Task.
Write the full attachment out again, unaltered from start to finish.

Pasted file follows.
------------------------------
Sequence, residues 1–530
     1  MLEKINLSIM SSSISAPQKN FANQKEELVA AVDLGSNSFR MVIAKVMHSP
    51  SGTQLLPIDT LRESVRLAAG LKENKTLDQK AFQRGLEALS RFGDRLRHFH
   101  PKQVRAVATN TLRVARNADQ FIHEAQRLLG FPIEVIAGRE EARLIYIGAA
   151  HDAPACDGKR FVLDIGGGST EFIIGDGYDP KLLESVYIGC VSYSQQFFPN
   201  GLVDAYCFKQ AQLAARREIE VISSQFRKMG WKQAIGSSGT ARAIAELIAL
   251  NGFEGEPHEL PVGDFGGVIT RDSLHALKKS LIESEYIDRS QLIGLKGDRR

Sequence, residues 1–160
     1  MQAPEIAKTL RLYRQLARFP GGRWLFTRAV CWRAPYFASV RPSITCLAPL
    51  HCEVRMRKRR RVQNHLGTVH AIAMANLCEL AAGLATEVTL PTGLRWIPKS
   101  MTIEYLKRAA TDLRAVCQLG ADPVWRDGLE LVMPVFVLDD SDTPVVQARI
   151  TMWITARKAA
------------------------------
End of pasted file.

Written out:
Sequence, residues 1–530
     1  MLEKINLSIM SSSISAPQKN FANQKEELVA AVDLGSNSFR MVIAKVMHSP
    51  SGTQLLPIDT LRESVRLAAG LKENKTLDQK AFQRGLEALS RFGDRLRHFH
   101  PKQVRAVATN TLRVARNADQ FIHEAQRLLG FPIEVIAGRE EARLIYIGAA
   151  HDAPACDGKR FVLDIGGGST EFIIGDGYDP KLLESVYIGC VSYSQQFFPN
   201  GLVDAYCFKQ AQLAARREIE VISSQFRKMG WKQAIGSSGT ARAIAELIAL
   251  NGFEGEPHEL PVGDFGGVIT RDSLHALKKS LIESEYIDRS QLIGLKGDRR

Sequence, residues 1–160
     1  MQAPEIAKTL RLYRQLARFP GGRWLFTRAV CWRAPYFASV RPSITCLAPL
    51  HCEVRMRKRR RVQNHLGTVH AIAMANLCEL AAGLATEVTL PTGLRWIPKS
   101  MTIEYLKRAA TDLRAVCQLG ADPVWRDGLE LVMPVFVLDD SDTPVVQARI
   151  TMWITARKAA